Do you know that feeling you get when you've discovered a new favorite series? In my case, I am on cloud nine. I want to dance a jig, frolic through a meadow of flowers...you get the idea. This was how I felt after I started The Monstrumologist. I was captivated from the beginning. In fact, after finishing my library copy of The Monstrumologist, I proceeded to purchase all of the books that are currently out in the series, including the one I just read which I bought for rereading and loaning purposes. And after recommending the first book to my mom - well, actually after thrusting it in her face and forcing her to read it - I devoured the rest of the series. It's that phenomenal. It's creepy, spine-tingling, brillant writing, and I just might be obsessed with Rick Yancey now. Don't worry. I'm not the stalker type. Or am I?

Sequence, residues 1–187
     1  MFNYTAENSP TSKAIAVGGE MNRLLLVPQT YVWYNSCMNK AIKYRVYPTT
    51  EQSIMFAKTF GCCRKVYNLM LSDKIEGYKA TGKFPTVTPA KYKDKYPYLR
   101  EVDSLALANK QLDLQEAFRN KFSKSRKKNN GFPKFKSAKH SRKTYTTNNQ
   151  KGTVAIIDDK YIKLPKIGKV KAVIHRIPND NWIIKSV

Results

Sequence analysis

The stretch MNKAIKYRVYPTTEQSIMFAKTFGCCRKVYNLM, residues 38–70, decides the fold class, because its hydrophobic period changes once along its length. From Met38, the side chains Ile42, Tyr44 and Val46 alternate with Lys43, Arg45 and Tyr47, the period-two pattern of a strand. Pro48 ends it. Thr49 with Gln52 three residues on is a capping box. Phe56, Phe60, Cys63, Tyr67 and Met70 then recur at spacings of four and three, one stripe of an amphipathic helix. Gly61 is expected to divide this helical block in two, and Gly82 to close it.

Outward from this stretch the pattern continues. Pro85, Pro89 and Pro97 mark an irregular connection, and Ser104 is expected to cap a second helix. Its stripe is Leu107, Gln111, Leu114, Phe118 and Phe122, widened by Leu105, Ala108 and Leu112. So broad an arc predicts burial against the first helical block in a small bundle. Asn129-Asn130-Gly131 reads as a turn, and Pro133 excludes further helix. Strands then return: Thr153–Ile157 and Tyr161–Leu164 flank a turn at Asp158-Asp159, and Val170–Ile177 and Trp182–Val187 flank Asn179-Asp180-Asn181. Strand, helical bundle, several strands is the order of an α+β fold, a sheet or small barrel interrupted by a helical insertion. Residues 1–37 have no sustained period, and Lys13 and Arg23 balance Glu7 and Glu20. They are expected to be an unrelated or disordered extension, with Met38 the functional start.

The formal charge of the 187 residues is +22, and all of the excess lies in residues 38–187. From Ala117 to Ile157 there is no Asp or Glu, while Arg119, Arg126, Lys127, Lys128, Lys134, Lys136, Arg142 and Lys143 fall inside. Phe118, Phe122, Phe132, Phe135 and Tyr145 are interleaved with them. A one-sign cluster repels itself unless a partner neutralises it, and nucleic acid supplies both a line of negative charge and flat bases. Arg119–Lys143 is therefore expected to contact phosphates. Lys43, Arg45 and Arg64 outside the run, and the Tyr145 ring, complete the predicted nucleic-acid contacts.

The Monstrumologist is a genius mix of Sherlock Holmes, Fringe and Supernatural. I actually consider Pellinore Warthrop to be the monstrumological equivalent of Sherlock Holmes, though I can't say Will Henry compares to Watson. Warthrop's more of a father figure to Will than a comrade, seeing as Will starts off the series at the young age of 12. Although, Warthrop does instruct Will in the matters of monstrumology just as Sherlock demonstrates the powers of deductive reasoning to Watson.